Oak Island Lead Seal

On Tuesday nights I will often wait until I have watched The Curse of Oak Island before I write my blog post. I want to see if something exciting has been found and whether I want to write something.

Curse of Oak Island, History Channel, Did they find anything?Last week the teaser showed them finding an item along the shore with a metal detector that they were all excited about. This turned out to be a lead seal that could have been used as a bag seal.

The seal has letters and symbols which could provide more information of where it came from and when it was used. Once more is known about the seal it may prove very significant.

Update: See the comments for more information. A similar seal was found in Jamestown, so this may give a clue on the time when it was used.

Update 2: See also Oak Island Lead Seal Thoughts for more information and thoughts.

Curse of Oak Island, Mahone Bay, Nova ScotiaThey also found a fully intact pottery base of what could be creamware. This type of pottery was first produced in the 1740’s in Staffordshire. The  base was found along the road leading from the swamp, and could provide more information about when it was in use.

This scene brought back memories of working on a dig in Israel where we would find many pottery bases. However, they were three thousand years older.

Oak Island, Money Pit, National Geographic, Curse of Oak IslandThis week they also did a survey of bore holes and wells by taking water samples. They were looking to see what elements were found in the bottom of the holes. As the show came to a close they revealed that significant amounts of Zinc and Copper along with Silver were found in three of the holes.

Update: I went back and re-watched this section to see if I could piece together data from the map and spreadsheet to determine the location of the holes. Two of the three holes with significant amounts of Zinc and Copper were in the Money Pit area. They were also the only holes tested there. The third hole is by itself to the southeast of the Money Pit.

Does this point to treasure? We will probably have to wait until next year to find out.

Oak Island, treasure, Randal SullivanAfter a few weeks of not too much happening, this was an exciting episode.

The preview for the next episode mentioned that it is the Season Finale, so I am sure we will hear about something exciting that will have us looking forward to the next season.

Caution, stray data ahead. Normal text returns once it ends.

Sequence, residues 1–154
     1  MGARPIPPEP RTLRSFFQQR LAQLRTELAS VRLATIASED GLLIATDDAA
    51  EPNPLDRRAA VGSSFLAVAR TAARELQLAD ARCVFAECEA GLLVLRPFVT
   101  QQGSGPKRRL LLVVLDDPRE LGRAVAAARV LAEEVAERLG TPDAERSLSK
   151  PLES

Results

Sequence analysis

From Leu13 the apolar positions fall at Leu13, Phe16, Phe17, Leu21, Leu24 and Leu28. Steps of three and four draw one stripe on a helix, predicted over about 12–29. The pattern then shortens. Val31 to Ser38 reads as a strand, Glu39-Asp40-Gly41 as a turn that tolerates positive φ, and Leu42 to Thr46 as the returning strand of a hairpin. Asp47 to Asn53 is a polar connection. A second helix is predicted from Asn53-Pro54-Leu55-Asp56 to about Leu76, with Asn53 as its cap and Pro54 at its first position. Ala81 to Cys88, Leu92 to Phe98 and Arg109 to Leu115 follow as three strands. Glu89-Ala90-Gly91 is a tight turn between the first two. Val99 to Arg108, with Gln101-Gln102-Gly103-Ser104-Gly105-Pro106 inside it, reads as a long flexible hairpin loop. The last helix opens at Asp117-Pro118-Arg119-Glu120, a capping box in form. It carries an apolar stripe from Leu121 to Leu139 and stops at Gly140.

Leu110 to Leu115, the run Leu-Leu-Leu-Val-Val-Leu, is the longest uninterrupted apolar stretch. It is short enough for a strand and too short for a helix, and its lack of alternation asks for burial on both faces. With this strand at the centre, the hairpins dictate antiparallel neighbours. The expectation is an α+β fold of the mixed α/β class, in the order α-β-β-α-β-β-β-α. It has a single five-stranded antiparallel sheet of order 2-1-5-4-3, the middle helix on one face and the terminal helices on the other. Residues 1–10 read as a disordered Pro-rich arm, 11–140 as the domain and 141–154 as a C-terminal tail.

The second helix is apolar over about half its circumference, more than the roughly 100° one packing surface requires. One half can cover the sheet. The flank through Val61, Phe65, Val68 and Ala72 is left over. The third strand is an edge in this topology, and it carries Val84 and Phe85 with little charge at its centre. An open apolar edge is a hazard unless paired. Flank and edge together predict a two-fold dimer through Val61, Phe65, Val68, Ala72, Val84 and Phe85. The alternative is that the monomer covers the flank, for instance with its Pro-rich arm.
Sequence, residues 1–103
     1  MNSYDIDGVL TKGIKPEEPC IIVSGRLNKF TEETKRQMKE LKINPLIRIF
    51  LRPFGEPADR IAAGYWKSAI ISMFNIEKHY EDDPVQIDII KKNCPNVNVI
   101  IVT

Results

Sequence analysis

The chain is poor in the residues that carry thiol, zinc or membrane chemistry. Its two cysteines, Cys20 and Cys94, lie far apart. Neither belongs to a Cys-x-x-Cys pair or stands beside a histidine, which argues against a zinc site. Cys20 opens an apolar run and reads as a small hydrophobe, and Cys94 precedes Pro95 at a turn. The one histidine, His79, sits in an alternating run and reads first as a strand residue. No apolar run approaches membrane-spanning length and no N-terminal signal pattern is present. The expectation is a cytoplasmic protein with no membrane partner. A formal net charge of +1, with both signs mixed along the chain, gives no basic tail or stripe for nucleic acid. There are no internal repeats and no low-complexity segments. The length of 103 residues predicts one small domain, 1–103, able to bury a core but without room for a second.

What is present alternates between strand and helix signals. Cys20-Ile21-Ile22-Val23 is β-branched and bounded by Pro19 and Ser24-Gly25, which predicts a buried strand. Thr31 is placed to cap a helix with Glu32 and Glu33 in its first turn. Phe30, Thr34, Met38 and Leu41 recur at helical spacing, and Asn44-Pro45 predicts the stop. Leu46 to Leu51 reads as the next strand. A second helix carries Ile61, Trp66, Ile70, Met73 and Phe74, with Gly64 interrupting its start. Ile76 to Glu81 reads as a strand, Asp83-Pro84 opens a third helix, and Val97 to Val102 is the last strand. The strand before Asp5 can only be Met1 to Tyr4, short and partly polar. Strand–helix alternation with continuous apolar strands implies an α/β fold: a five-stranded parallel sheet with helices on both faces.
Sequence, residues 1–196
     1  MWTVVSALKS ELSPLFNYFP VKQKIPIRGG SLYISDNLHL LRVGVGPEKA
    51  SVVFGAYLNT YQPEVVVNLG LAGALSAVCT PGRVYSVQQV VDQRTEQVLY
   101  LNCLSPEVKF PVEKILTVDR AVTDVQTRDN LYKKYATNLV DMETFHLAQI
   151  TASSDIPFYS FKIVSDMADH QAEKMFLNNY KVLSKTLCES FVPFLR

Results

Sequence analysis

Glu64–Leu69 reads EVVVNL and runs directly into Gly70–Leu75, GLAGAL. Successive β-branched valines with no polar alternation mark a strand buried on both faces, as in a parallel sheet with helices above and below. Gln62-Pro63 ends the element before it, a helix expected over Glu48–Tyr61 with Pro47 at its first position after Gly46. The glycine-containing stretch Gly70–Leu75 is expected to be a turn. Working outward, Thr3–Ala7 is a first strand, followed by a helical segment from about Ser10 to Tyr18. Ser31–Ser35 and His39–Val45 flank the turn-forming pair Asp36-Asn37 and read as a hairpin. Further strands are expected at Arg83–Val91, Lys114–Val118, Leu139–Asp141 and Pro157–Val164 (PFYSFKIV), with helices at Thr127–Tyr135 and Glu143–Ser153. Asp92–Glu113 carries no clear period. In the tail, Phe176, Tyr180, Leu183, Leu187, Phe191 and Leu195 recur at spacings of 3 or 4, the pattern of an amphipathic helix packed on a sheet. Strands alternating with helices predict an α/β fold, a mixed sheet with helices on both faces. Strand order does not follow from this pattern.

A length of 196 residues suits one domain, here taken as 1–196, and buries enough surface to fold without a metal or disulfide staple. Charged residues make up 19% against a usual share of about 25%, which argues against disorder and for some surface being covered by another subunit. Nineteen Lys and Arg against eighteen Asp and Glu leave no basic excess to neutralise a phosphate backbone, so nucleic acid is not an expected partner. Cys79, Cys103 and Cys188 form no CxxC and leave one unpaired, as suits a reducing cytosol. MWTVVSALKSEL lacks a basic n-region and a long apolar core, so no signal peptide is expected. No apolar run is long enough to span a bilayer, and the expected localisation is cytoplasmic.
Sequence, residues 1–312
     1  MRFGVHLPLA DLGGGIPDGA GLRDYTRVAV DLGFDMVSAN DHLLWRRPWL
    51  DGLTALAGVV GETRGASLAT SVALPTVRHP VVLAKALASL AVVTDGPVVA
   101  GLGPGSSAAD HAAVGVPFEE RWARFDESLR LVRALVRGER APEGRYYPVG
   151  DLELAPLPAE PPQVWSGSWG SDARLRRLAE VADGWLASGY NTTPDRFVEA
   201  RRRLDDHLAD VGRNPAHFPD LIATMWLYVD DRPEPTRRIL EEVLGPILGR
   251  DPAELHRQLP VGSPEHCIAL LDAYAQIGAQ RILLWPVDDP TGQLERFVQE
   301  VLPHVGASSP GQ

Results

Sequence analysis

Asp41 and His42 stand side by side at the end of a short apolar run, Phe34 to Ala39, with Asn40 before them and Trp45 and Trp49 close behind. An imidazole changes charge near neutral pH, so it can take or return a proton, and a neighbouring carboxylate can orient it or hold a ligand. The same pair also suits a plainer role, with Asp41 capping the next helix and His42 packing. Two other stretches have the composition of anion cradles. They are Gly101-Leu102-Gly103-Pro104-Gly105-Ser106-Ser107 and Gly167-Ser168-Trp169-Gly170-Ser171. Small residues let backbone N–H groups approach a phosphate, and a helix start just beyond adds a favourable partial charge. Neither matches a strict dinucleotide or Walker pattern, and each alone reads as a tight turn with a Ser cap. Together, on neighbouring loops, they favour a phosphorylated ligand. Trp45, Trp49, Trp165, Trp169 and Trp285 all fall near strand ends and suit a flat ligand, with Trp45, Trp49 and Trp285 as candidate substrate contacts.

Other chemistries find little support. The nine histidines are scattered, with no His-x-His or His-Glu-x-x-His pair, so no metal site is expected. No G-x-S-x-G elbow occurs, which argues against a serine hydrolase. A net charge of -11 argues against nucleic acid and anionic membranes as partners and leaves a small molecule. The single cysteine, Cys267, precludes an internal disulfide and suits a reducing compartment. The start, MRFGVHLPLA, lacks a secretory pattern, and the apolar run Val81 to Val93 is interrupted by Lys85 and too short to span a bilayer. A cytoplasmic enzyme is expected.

One of the things you hear in the preview is that there is evidence of treasure.

What will it be?

Next year may be very exciting based on some of the things they have already talked about doing during the next season. They have also had a long off season to do more research.

I am not sure when they begin their work, but they may already be working again on Oak Island. If not, they are surely staging equipment for the season.

I am looking forward to the final episode of the season after viewing this one.

Steven

 

 

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16 Responses to Oak Island Lead Seal

  1. David Sherrill says:

    The cloth seal found is probably english ca. 1638-1714. The 4 atop a cross means it is undyed cloth produced by a cloth makers guild.It is not woad or wool. The initials on the front tell which guild, On the back there should be initials of the weavers scratched on the material.This is NOT from the London guild which had a different symbol. I would guess it was a guild somewhere in southwest England. Please post the photo of the seal on this website.

    • vanbraman says:

      I do not have a photo of the seal as I am not connected to the show. These are just my thoughts after watching the show. Thanks for the comment. It is always interesting to learn more about things like this. I am sure that we will see similar information in the future on the show as they do the research.

    • JS says:

      Take a look at 1:39 (photo)

      • vanbraman says:

        If indeed it is from Norwich then it is pre-1705 as that is when they discontinued using seals there. The books of the Weaving Guild were also destroyed at that time.

        Source: A Comprehensive History of Norwich by A. D. Bayne

  2. AJ says:

    It actually looks similar to the lead seal on the first image on this page: https://historicjamestowne.org/collections/artifacts/lead-seals/